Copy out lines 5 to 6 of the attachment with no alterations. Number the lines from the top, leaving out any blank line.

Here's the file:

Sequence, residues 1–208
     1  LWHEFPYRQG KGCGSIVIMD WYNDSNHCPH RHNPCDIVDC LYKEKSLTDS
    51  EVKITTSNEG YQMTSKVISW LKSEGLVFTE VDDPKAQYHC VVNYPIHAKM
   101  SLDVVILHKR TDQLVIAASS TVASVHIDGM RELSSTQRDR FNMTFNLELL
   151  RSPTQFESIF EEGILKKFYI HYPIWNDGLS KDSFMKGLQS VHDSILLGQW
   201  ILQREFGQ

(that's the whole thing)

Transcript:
   151  RSPTQFESIF EEGILKKFYI HYPIWNDGLS KDSFMKGLQS VHDSILLGQW
   201  ILQREFGQ